Aditi Chokshi is a remarkable "love warrior" of depth and character in the ServiceSpace ecosystem. A management consultant at Bain & Company in San Francisco, where she advises a number of social sector and retail clients, Aditi has spent eight years working on grassroots global development at the intersection of gender justice, economic empowerment, education, and health, with a focus on adolescent populations. While Aditi recognizes the need for social change on a large scale, she remains keenly focused on seeding the "small ripples" – which occur when no one is watching, and in the most intimate one-on-one settings – that power meaningful change the universe.
Raised in Texas, Aditi graduated from Columbia University and worked for three years as a management consultant at Bain in New York City before moving to her mother’s hometown of Ahmedebad, India. Through volunteer work as Director of Growth and Impact at a nonprofit focusing on sustainable livelihoods for poor slum women, Gramshree, Aditi found her passion for empowering women and adolescent girls. After two years working across India – in rural Bihar and rural Rajasthan as well as in Ahmedabad – with an array of organizations whose core strength involved grassroots community mobilization, she pursued and received a masters' degree in international development at the Harvard Kennedy School of Government, with a special focus on education in resource-poor settings.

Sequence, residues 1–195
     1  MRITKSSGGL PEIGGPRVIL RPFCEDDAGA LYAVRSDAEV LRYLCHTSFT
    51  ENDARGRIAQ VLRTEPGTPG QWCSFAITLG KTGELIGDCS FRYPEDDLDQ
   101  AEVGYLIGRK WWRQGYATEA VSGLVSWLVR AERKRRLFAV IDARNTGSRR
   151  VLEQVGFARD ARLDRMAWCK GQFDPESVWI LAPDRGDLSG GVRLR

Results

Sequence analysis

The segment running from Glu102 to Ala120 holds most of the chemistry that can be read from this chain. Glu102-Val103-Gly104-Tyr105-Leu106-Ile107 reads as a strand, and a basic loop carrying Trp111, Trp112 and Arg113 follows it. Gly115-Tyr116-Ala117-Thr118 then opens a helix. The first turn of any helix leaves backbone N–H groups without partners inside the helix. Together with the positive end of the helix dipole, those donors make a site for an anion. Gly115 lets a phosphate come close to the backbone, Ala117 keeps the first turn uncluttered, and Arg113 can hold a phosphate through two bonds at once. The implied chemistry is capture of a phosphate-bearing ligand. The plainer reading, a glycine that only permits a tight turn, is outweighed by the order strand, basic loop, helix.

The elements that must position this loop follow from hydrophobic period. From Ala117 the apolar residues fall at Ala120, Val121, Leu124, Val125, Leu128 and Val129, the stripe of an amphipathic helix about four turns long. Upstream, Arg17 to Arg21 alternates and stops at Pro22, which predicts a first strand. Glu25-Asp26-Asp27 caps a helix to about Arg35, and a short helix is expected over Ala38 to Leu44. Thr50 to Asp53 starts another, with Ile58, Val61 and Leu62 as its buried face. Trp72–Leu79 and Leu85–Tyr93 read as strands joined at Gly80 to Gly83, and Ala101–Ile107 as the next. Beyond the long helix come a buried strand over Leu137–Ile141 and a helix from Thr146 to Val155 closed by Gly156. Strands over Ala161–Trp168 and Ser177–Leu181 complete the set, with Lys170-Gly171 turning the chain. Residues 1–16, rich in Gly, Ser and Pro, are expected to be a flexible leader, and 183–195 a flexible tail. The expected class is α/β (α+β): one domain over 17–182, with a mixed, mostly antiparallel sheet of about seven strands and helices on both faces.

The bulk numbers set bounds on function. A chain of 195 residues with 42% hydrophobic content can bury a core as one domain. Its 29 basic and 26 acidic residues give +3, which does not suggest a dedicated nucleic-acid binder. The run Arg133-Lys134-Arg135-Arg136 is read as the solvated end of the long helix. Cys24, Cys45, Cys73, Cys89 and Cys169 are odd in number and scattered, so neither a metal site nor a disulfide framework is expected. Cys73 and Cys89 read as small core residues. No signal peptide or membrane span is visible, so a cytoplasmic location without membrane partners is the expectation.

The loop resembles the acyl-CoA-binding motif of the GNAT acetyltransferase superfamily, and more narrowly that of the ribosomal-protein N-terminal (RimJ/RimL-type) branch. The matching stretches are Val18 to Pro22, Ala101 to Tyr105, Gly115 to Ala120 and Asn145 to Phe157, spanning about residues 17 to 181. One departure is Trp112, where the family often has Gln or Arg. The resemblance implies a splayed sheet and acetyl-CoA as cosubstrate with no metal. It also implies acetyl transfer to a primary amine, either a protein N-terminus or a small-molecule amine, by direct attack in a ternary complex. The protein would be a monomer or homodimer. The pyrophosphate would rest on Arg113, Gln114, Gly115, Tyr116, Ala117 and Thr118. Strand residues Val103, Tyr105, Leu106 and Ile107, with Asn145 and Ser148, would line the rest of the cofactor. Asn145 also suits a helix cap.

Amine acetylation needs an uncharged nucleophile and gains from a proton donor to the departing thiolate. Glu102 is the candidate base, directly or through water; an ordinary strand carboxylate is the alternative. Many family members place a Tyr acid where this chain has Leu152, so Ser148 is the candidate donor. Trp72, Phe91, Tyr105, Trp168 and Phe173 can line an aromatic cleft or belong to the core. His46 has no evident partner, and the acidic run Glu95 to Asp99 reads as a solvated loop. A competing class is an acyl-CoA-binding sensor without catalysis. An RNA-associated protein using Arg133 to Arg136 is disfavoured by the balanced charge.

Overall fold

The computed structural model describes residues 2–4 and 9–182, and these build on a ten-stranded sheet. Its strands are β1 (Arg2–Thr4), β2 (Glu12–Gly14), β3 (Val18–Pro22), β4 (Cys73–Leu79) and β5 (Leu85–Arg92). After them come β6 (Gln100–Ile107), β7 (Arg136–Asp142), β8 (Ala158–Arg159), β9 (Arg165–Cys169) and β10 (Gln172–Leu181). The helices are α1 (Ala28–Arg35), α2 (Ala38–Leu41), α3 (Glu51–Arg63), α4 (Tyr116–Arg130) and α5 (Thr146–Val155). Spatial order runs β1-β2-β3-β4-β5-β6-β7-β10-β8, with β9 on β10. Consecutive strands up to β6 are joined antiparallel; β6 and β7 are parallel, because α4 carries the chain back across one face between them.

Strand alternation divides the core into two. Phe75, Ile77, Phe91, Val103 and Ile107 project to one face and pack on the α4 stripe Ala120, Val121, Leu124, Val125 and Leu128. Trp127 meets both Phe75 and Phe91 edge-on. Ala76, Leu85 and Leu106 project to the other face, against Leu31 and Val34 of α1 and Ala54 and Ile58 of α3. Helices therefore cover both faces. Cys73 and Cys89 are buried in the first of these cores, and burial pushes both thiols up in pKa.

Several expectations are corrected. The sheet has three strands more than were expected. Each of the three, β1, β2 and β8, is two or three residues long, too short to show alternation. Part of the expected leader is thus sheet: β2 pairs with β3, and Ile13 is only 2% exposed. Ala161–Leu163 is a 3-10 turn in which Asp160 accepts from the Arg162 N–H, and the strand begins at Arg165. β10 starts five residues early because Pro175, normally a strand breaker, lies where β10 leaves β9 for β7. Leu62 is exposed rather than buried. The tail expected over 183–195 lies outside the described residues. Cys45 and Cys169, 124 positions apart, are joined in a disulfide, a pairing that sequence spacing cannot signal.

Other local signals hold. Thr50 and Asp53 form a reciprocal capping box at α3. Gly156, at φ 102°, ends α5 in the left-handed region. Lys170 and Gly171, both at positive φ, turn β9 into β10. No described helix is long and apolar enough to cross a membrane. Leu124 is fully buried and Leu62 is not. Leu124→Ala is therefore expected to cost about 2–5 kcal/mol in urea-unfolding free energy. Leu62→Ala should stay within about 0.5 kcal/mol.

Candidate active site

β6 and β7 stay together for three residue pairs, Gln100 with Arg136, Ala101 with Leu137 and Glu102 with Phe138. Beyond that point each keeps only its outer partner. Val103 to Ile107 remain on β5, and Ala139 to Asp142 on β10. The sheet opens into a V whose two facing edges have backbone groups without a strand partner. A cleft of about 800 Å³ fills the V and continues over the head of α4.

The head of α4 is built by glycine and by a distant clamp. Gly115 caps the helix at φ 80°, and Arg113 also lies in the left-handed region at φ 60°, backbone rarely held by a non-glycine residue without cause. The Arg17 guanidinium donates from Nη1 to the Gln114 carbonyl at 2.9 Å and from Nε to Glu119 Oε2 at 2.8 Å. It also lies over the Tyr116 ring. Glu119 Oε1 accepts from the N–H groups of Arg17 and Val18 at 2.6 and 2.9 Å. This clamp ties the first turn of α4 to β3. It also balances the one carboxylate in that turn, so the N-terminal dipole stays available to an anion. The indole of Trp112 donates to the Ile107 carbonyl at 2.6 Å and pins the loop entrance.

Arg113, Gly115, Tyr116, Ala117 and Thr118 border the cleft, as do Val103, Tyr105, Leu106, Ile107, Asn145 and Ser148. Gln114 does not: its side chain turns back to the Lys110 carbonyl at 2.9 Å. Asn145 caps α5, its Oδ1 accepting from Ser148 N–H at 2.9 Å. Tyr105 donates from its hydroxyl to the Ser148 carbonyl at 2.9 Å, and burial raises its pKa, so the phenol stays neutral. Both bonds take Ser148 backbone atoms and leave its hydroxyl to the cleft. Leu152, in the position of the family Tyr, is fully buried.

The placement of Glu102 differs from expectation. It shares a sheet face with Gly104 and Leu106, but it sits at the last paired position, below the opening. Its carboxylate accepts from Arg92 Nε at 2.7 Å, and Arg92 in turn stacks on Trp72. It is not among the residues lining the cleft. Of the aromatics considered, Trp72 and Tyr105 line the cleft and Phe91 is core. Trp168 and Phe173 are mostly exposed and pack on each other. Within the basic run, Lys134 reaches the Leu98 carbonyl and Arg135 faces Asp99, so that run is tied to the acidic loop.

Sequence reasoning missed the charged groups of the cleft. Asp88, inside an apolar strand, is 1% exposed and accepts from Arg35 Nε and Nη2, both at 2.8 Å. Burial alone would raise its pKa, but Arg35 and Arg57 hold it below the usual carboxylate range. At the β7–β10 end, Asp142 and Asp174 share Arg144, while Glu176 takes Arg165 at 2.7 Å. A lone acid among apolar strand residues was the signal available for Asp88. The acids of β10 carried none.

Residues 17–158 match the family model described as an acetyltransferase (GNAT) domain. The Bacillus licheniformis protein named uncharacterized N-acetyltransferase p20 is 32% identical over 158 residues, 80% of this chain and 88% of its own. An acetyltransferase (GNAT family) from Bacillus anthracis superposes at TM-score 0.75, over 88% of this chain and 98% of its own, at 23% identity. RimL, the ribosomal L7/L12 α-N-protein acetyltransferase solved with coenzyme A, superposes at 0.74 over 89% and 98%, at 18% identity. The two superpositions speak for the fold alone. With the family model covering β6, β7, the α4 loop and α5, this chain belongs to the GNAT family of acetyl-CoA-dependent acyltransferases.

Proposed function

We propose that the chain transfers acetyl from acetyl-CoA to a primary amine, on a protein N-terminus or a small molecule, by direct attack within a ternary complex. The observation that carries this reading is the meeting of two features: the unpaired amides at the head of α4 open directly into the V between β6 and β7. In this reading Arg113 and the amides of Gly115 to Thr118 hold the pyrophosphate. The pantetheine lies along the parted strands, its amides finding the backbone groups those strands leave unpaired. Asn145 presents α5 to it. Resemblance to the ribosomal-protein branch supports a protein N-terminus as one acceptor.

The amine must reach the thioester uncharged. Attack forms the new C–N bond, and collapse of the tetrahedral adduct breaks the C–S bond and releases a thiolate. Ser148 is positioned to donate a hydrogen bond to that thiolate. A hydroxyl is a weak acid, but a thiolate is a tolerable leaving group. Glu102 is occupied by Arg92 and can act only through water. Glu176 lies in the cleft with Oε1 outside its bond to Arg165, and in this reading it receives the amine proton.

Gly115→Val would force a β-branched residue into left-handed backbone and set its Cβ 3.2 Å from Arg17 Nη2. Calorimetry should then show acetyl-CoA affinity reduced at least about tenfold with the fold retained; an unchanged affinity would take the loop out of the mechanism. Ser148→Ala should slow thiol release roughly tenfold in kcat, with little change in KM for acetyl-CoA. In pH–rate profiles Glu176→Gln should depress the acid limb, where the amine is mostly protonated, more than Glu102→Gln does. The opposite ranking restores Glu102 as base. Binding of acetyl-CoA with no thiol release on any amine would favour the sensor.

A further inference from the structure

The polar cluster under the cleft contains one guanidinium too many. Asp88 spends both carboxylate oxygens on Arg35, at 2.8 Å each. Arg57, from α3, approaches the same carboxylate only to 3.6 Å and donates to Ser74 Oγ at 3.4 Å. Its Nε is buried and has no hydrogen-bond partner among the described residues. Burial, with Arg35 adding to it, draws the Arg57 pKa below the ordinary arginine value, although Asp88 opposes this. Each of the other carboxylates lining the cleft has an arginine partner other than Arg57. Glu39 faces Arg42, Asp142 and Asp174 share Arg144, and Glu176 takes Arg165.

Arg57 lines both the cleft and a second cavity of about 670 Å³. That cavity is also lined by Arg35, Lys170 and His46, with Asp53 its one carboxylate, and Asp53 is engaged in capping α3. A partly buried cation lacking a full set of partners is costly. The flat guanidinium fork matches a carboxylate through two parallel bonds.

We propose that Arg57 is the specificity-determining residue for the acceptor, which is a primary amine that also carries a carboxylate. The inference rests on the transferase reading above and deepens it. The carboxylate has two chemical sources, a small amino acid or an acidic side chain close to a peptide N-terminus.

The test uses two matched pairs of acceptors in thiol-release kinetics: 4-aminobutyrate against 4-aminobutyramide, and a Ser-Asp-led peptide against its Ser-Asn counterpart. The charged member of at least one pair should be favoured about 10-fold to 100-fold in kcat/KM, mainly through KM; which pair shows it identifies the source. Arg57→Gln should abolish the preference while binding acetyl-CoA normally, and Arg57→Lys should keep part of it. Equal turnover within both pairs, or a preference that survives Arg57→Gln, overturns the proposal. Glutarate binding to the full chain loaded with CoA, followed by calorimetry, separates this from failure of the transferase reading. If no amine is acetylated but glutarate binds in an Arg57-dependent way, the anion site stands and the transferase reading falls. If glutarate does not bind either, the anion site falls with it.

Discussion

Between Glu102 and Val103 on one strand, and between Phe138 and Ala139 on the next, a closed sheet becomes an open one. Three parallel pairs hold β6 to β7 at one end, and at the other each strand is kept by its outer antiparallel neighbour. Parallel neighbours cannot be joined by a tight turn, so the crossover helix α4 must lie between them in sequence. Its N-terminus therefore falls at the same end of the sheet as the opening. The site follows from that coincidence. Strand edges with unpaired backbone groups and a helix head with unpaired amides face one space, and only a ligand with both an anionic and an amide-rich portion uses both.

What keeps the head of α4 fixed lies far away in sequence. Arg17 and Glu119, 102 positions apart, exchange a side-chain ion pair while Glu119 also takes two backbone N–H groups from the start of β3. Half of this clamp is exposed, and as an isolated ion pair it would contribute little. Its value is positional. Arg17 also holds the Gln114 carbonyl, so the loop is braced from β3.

In her pursuit of social justice on a large scale, Aditi stays grounded through small moments of intimate connection that allow her to help others reach their potentials. She beautifully recounts how her relationship with her younger brother, who experiences certain neurological issues, keeps her focused on small moments of connection even as she works with people of different backgrounds: "At my home, even mundane experiences such as pouring a glass of milk became an opportunity to build an environment where Anand could thrive. When Anand was little, I would make sure one milk container was only a quarter full and at the front of the fridge. The nearly empty container relieved my mother’s fears about another spill and kept Anand feeling confident. As Anand reached for the container, I would remind him to pour over the sink and coach him on how to hold the gallon steadily with both hands. With a little encouragement only a few drops would escape his cup. One of the biggest lessons Anand has taught me is to look for the 'milk moments' of life – small opportunities to selflessly enable someone else to succeed. . . .